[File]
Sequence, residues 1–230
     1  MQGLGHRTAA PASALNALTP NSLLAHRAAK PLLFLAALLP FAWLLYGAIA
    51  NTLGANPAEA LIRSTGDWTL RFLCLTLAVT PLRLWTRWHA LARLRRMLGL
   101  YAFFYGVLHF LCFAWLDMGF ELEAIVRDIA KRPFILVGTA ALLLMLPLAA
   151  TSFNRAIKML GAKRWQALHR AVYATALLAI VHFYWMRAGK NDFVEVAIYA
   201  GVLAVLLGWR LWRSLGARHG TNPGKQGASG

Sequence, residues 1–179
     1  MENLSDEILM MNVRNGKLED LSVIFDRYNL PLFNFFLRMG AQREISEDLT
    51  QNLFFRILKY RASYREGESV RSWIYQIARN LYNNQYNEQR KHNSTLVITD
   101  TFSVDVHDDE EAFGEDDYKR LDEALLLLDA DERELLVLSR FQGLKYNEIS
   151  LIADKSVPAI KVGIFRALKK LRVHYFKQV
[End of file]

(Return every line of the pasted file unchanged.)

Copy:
Sequence, residues 1–230
     1  MQGLGHRTAA PASALNALTP NSLLAHRAAK PLLFLAALLP FAWLLYGAIA
    51  NTLGANPAEA LIRSTGDWTL RFLCLTLAVT PLRLWTRWHA LARLRRMLGL
   101  YAFFYGVLHF LCFAWLDMGF ELEAIVRDIA KRPFILVGTA ALLLMLPLAA
   151  TSFNRAIKML GAKRWQALHR AVYATALLAI VHFYWMRAGK NDFVEVAIYA
   201  GVLAVLLGWR LWRSLGARHG TNPGKQGASG

Sequence, residues 1–179
     1  MENLSDEILM MNVRNGKLED LSVIFDRYNL PLFNFFLRMG AQREISEDLT
    51  QNLFFRILKY RASYREGESV RSWIYQIARN LYNNQYNEQR KHNSTLVITD
   101  TFSVDVHDDE EAFGEDDYKR LDEALLLLDA DERELLVLSR FQGLKYNEIS
   151  LIADKSVPAI KVGIFRALKK LRVHYFKQV